May 13 1985 - The Day a City Murdered it's Own Citizens, and Displaced Hundreds


On May 13 1985 I was 11 years 6 months and 22 days old.


And I was completely unaware of what was really going on in this country. I knew what was going down within my own personal sphere but as far as the big blue ball was concerned I was blissfully ignorant.


Little did I know that people were dying on that day. And not by the hands of some random individual or group, instead it was by the same citizens that these people shared a city with and their deaths were compounded by law enforcement's approval of their demise.


On May 13 1985 11 people would die and 61 homes would be burnt to the ground.




Yes there are many tragedies in this country and under normal circumstances, this incident would be just another sad occurrence, but once I'm done with this video I truly hope you will be as disgusted and angry as I was when I found out what really happened.


So what was the catalyst for such a massive amount of destruction?


It started with a group called MOVE, and a confrontation between them and the police. But it would end with the police standing by and watching a whole neighborhood burn to the ground.


Back in 1978, a confrontation between Officer James Ramp and several of MOVE's members would lead to the death of Officer Ramp.












This animosity would burn until innocent members of this group were convicted of murder. On Christmas Eve 1983 These convictions culminated in MOVES leader; John Africa setting up a counterattack that included several loudspeakers that were used to deploy profanity filled tirades aimed at their neighbors and a collection of weapons.


What did this anger and pain bring?


It wasn't until May of 1985 that the Mayor of Philadelphia would decide to order a raid on the MOVE headquarters.


Those in charge decided that the best thing to do was to drop a bomb on the house in which the headquarters were stationed. Unfortunately, the roof had a gas-powered generator on it and this deadly combination would engulf not only the house but the entire neighborhood which would eventually burn an entire block of houses to the ground.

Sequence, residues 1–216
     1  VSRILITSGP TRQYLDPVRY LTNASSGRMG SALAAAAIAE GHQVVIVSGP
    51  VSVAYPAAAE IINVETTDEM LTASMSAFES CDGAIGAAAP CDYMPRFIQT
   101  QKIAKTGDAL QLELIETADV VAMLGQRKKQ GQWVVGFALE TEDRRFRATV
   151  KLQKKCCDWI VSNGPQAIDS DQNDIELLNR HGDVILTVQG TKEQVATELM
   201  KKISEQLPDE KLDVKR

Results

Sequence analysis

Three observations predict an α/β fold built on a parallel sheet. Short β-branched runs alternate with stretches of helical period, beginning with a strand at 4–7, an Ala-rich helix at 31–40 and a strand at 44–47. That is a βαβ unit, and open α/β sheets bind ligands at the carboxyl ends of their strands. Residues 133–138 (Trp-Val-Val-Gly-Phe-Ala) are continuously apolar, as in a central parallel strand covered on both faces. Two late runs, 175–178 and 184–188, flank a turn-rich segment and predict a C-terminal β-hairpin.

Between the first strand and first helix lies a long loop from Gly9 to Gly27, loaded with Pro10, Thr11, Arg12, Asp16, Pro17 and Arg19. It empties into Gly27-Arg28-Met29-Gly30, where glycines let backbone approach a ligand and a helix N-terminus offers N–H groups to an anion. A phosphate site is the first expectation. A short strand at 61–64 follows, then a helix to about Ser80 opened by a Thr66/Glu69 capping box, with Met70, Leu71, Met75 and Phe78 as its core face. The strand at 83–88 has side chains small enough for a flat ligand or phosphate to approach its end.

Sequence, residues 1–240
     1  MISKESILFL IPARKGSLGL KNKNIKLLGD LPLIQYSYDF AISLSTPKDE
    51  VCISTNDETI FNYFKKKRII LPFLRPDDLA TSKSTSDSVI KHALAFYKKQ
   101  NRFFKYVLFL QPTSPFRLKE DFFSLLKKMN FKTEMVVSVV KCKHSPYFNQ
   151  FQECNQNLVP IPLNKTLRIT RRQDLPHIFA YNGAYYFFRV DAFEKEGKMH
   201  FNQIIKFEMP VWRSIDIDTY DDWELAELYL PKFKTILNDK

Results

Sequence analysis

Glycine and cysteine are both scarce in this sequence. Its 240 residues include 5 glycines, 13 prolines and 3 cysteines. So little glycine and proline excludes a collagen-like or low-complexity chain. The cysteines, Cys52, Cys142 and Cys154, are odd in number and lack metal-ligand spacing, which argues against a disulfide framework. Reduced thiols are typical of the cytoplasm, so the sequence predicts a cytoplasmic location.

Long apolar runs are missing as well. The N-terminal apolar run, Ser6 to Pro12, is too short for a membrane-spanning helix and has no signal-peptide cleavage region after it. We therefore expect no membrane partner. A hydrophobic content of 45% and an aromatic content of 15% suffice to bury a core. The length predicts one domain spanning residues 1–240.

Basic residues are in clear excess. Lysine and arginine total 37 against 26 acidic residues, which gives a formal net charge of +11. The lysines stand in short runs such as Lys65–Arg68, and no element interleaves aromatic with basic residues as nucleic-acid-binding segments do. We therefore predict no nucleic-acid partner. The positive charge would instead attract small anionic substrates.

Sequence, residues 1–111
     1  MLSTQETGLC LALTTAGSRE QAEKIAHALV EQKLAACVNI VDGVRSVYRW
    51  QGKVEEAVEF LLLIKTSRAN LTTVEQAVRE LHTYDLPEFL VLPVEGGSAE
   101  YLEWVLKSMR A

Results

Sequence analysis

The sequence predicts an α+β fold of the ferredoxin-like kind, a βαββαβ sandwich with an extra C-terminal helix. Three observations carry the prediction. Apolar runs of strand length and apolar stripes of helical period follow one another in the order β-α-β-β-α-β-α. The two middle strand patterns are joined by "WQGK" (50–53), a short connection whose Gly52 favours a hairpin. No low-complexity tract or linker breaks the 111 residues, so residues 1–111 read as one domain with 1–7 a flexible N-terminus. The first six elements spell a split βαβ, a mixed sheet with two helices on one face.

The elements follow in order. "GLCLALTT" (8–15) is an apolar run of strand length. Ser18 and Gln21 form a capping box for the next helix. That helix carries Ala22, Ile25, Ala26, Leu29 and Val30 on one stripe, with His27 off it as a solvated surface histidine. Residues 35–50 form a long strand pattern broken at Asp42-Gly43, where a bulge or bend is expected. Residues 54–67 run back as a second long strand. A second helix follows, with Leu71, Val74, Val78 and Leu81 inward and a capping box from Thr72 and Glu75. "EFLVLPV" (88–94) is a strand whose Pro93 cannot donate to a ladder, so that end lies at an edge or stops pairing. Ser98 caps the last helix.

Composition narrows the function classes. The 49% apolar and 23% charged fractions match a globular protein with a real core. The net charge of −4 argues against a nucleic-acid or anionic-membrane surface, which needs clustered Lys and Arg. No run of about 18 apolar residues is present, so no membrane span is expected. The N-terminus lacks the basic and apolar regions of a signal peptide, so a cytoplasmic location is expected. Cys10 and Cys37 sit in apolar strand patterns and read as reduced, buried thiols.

11 lives were lost including five children.


Please keep in mind that the bomb that was dropped in a residential neighborhood was two C-4 explosives.


Let me repeat that!!!!!!!! TWO BOMBS OF C-4 WERE DROPPED ON A RESIDENTIAL NEIGHBORHOOD.


two 1 pound bombs of c-4 were dropped on this one house. One, 1.25-pound bar of C-4 is enough to demolish a truck.


it would be on the nose to state that 1 pound would be more than enough to set the house on fire but to deploy 2 pounds of it on top of a house smacks of genocide.



The city of Philadelphia would eventually apologize for the death and destruction by admitting that it had caused "immeasurable and enduring harm".


Not only had they dropped a bomb on the house that held the Black liberation group but they also used a military-grade weapon as well as water cannons in the stand-off.


Different accounts argue over whether the fire department let the fire blaze out of control or if it was just too much to contain. But eyewitness accounts and popular opinion point to Law enforcement not only allowing for the fire to burn out of control but they actually told Firefighters to not extinguish the fire but rather to wait.




This action left 250 people homeless.


But for most residents of the predominantly Black neighborhood that lost between 60-65 homes and several lives, as far as they were concerned; the fire department did very little to stop the blaze from spreading.


Did the desecration of a Movement begin and end with that blaze?


No, the bones of a child burned in the blaze had been used without permission by the University of Pennsylvania. This was not the only place that the remains were desecrated, even Princeton got in on the disgusting act.


Originally the bones were given to the University of Penn for identification and instead of returning them back to the family, Professor Alan Mann instead decided to keep them and used them when he took a job at Princeton. They would not stay with Mann they would eventually make their way to Professor Janet Monge who would showcase them in her "Real Bones: Adventures in Forensic Anthropology" class. She would have them in her possession from 2016 to 2019.


A common theory is that they belong to a 14-year-old girl who died in the fire.